Marlborough: High road to an early port of call

By Steve Sole

A half wheel memorial at Oyster Bay commemorates the area's history as the site of a shore-whaling station. Photo / Steve Sole
A half wheel memorial at Oyster Bay commemorates the area's history as the site of a shore-whaling station. Photo / Steve Sole

The 28km journey between Picton and Blenheim need not be a dull, truck-ridden, slog down SH1. An alternative road, in just over twice the distance, navigates a landscape where wool, whales, war and Wesleyans made a potent first impression.

First, however, you have to find it. Picton has big signs directing traffic to the interisland ferry terminals, Blenheim or Nelson, but not to where we're going. When we finally see a sign it's old and faded, and almost apologetically points east to Port Underwood.

The road first noses north through Waikawa, where bellbirds sang for breakfast at our motel, to Karaka Point. This headland, neighbour to The Snout in Queen Charlotte Sound, is where Rangitane and Ngati Apa thought they had made an impenetrable pa-site.

They had - until the musket arrived.

When Te Rauparaha's waka fleet, decorated with the hair, hands, and heads of the vanquished, and armed to the teeth with muskets, swooped through the Marlborough Sounds in 1829-30, this pa become a slaughter site. Remarkably, seven ground pits these people used to store kumara, dried fish and fern root have survived.

Turning east, the road starts to climb and, like many Marlborough Sounds roads, offers amazing ridge-top views: in this case a blue flat expanse cradled by encircling limbs, their fingers forming snug bays.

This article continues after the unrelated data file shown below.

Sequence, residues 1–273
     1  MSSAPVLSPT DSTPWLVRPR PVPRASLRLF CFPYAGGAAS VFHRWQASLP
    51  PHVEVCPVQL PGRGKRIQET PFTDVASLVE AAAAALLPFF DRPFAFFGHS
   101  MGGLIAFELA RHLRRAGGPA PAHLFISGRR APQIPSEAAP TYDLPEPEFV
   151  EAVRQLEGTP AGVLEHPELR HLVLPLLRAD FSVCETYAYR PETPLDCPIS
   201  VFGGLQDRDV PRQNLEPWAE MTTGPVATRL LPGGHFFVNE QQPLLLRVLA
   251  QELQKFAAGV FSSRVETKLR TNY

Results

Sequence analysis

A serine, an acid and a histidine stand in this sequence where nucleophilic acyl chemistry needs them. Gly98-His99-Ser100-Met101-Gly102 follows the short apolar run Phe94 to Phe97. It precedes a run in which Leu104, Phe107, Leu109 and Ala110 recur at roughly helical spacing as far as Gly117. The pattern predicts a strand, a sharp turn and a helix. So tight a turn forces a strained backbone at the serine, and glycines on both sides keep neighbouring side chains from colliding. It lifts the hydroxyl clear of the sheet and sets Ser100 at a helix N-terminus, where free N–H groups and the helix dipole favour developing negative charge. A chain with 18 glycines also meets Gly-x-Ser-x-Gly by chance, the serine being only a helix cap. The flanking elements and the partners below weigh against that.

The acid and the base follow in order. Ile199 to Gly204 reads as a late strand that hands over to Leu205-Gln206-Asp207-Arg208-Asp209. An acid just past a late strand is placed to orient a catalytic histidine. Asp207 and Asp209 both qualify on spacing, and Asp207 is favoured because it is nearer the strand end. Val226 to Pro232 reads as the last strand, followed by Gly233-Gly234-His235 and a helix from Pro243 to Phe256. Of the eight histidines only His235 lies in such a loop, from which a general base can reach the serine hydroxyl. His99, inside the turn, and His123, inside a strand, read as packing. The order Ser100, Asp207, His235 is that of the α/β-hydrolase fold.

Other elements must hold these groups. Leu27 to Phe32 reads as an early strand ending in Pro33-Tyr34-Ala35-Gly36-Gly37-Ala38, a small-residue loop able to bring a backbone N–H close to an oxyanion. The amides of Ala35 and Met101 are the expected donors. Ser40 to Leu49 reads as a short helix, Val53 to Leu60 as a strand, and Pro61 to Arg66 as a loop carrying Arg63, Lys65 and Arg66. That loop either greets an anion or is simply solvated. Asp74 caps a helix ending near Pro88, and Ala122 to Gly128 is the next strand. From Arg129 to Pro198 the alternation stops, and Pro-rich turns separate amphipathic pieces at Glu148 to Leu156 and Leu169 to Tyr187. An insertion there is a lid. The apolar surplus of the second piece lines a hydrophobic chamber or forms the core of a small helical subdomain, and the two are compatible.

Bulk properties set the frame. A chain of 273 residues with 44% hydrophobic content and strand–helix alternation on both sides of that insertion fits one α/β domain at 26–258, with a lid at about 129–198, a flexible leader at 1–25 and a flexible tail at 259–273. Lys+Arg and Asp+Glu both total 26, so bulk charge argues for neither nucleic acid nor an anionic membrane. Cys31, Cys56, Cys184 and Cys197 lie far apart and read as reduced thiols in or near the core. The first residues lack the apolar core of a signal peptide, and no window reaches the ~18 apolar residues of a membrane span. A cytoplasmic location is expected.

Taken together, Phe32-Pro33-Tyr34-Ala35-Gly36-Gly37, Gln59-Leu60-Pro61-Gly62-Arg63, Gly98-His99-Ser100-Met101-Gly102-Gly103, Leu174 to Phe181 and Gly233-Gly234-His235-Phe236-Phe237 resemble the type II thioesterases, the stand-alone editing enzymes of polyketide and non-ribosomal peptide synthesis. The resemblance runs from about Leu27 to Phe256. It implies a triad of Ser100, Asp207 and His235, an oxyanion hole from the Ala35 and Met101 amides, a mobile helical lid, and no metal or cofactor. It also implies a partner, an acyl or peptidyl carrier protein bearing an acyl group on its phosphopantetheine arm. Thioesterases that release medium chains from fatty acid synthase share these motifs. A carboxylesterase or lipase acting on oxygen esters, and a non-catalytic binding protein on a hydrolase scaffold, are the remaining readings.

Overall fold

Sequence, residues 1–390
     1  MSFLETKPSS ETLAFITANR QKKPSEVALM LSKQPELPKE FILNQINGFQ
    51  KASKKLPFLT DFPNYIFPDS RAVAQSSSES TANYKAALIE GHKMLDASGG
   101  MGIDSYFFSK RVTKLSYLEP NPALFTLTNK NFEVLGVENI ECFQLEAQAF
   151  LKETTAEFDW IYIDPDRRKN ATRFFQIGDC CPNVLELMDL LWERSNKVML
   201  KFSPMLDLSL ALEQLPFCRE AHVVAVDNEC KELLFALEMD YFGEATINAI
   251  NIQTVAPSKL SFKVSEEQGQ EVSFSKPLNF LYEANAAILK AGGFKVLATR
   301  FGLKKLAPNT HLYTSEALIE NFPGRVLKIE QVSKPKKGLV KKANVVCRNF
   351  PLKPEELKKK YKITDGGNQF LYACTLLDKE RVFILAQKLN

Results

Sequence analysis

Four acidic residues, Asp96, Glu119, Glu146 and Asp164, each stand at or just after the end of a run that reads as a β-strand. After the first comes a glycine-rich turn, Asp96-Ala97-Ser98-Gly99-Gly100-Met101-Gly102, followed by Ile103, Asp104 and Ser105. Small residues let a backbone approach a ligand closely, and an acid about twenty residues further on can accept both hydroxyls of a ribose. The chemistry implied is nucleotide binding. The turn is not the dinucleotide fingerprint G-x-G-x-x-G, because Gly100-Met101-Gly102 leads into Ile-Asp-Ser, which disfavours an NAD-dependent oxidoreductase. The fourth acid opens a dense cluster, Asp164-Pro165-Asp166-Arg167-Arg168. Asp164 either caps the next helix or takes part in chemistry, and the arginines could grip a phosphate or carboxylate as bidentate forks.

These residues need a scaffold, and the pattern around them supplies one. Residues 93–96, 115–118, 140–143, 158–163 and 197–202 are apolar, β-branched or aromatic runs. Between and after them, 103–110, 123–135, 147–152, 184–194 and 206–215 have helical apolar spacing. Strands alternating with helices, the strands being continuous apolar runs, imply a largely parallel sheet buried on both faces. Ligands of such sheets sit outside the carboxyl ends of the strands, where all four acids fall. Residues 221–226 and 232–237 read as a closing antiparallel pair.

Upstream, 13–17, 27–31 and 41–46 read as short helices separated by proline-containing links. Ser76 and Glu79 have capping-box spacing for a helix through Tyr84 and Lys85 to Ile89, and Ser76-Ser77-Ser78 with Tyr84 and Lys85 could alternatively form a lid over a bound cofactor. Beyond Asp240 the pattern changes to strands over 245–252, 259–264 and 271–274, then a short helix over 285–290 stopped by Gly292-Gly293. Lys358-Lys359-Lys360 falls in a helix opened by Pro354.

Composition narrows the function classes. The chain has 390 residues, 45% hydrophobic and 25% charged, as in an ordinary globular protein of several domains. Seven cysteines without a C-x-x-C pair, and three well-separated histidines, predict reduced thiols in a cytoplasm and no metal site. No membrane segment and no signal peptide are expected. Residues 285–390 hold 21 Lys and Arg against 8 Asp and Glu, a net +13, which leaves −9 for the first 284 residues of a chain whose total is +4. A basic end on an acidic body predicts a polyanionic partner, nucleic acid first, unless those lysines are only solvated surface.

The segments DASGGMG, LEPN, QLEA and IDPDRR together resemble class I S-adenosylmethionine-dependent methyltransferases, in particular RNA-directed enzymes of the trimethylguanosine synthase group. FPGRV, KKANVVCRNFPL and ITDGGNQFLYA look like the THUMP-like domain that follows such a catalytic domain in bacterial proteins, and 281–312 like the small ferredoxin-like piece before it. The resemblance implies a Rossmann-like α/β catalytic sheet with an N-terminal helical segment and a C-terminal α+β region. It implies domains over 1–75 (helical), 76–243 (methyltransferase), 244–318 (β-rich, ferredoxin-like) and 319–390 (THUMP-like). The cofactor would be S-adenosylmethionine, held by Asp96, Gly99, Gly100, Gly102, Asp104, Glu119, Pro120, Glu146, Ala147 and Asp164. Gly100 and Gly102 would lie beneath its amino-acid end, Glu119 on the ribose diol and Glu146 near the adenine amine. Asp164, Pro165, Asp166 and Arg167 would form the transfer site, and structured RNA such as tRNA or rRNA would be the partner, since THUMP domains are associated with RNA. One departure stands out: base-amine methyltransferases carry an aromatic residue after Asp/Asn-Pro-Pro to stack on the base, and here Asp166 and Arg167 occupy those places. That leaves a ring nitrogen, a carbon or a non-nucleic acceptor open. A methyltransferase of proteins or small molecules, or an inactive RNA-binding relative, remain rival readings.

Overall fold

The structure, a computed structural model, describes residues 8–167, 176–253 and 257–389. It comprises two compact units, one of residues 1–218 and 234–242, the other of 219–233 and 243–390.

On the left at the bottom of the descent, Tumbledown Bay Rd clings to Port Underwood. Eleven kilometres down this road, at Ngakuta Bay, a few days before Christmas 1840, Wesleyan missionaries Mr and Mrs Samuel Ironside were "expeditiously and unceremoniously landed on the beach" among scores of English, French and American whalers and hundreds of Maori.

Distance and terrain proved no barrier and Mr Samuel preached the Gospel throughout the Marlborough Sounds as far west as D'Urville Island. Within two years he established Wesleyan centres at Nelson and Motueka. On one day, he baptised 163 adults and married 40 couples "who had been living heathens".

Ironside was equally successful with Maori and they converted to Christianity in large numbers. Within three years, Maori had built 16 churches.

Samuel was on a roll but just when it seemed he was going to save the whole nation, Maori and Pakeha had a deadly battle at Wairau, just over the hill. Many Maori left for Kapiti and the Ironsides moved to Wellington.

We move on to Oyster Bay down the unsealed Port Underwood Rd. Like most of the bays in Port Underwood, it bites deeply into the land, offering protection from Cook Strait and quick access to it. These advantages influenced Jacky Guard to open one of New Zealand's first whaling shore-stations here in 1829.